Ours is an industry that others can only dream about. Consider: the U.S. population is getting older and these older Americans (Baby Boomers) come in large numbers and have disposable income – and they’re virtually all presbyopic at this point. A generation comparable in size (Millennials) likes to spend money too, and also appreciates fashion, altruistic causes and good value. Hence, the vision care patient pool is growing.

The profit margins on optical goods and services are pretty reasonable, and while managed vision care does impact profits, it also keeps the exam chairs full (and eye exams are up). Also, there’s a plethora of innovative, new products that offer greater fashion, greater technology and greater wearability.

Despite all these good indicators, the optical marketplace has grown over the last year by a rate of less than 2% (Vision Council numbers).

So what’s going wrong? There are a number of factors at play. First, there’s a lot of commodity marketing. Buy one, get one. Two pair for $99. Buy online for $39 a pair. While you’d think this would stimulate sales, it probably makes the consumer feel that eyeglasses from a more conventional provider are a rip-off. Then there’s the repurchase cycle, now dictated by managed care more than ever and pretty much stuck at two years-plus. And there’s the lack of skill (or desire) to be a salesperson-as many ECPs are apt to admit.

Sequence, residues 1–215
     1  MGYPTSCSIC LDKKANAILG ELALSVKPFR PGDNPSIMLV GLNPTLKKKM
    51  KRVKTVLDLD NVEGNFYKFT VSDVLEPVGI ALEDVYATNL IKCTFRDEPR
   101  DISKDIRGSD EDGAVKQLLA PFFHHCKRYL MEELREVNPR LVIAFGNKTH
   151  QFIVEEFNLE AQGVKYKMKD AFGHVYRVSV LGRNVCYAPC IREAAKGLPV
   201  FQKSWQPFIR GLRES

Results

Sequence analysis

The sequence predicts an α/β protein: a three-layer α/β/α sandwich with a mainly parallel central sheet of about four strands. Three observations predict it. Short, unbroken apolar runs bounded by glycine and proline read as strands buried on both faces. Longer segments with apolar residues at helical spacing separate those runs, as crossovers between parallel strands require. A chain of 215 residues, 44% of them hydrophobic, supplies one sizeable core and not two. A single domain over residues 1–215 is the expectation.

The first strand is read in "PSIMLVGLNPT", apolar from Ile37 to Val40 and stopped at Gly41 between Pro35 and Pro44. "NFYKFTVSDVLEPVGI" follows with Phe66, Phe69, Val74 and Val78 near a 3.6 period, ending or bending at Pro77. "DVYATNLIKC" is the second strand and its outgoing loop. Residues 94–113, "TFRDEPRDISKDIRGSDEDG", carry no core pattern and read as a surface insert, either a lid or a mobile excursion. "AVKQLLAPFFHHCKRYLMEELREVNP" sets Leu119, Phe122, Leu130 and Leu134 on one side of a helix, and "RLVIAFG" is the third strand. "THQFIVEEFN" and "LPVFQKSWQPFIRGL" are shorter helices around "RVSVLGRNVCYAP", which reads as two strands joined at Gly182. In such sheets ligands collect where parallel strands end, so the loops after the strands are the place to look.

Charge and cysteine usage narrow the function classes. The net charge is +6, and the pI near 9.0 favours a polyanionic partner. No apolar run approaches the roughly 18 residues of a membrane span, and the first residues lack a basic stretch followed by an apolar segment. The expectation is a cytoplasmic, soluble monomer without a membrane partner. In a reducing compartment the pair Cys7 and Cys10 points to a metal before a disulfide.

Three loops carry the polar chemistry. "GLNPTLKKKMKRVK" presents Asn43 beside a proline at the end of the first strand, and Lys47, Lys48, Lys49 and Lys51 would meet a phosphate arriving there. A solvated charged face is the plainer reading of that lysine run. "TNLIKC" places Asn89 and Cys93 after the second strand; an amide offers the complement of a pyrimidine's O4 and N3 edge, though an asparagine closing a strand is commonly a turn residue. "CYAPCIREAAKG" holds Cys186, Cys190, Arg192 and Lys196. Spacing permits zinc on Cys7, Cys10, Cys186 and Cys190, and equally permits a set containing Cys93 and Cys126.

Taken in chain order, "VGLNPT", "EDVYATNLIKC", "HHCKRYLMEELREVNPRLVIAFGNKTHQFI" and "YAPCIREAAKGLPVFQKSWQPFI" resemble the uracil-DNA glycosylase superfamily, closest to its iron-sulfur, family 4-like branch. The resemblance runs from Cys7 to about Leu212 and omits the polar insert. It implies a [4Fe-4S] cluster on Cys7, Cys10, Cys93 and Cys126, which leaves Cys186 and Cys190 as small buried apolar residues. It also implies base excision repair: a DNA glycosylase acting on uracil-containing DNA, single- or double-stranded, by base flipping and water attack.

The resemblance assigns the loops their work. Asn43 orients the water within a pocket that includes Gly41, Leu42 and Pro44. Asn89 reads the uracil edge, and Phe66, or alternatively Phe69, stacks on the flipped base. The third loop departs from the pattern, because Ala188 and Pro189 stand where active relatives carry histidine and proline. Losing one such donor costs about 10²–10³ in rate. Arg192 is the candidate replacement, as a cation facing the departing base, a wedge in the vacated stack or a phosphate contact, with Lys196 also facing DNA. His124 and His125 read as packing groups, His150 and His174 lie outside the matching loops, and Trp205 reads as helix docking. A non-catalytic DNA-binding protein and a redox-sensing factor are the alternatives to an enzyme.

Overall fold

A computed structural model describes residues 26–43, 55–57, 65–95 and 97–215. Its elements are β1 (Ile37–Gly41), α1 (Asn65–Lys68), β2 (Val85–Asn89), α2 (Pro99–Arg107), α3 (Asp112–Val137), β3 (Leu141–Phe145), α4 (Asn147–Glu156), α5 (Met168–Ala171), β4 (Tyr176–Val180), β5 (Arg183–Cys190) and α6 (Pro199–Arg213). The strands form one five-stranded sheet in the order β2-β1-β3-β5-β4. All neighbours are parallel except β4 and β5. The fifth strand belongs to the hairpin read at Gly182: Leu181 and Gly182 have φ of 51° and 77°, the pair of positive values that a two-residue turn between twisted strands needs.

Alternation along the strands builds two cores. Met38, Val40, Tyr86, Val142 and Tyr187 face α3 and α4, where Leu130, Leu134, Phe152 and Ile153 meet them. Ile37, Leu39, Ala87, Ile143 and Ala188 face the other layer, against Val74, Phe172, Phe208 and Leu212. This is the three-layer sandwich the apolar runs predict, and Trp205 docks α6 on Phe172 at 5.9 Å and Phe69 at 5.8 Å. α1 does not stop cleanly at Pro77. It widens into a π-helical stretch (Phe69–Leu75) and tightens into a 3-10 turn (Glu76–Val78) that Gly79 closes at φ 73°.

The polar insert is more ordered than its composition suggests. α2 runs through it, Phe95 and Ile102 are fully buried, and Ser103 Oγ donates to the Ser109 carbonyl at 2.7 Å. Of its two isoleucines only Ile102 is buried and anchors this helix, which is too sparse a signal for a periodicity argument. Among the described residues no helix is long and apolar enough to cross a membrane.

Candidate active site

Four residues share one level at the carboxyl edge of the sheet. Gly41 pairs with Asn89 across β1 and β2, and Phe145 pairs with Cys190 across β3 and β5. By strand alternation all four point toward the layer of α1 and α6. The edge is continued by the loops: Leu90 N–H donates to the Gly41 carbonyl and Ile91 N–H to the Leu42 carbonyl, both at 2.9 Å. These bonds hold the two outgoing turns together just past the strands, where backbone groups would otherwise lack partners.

But the biggest hurdle to sales growth is consumer ambivalence. Consumers get excited about buying new apparel, new electronics and new cars. But eyewear? It’s rare that you’ll hear someone speak with frothy anticipation about buying a new pair of eyeglasses, much less two or three. For many consumers, eyewear is a “need” purchase as opposed to a “want” purchase.

How do we create that compelling “want” among consumers? It isn’t easy.

Can you imagine a television show or film in which every single character wore glasses? That would certainly get attention and would probably convey a subliminal message to viewers.

Or what if we all had “eyeglass parties,” where all the guests had to come wearing a pair of glasses (whether Rx or plano)?

These ideas may seem a little outlandish, and they’re meant to. But this is what our industry needs-some big, outlandish idea that makes eyewear top of mind for consumers and creates the desired “want” purchase instinct.

email me at FG@VisionCareProducts.com


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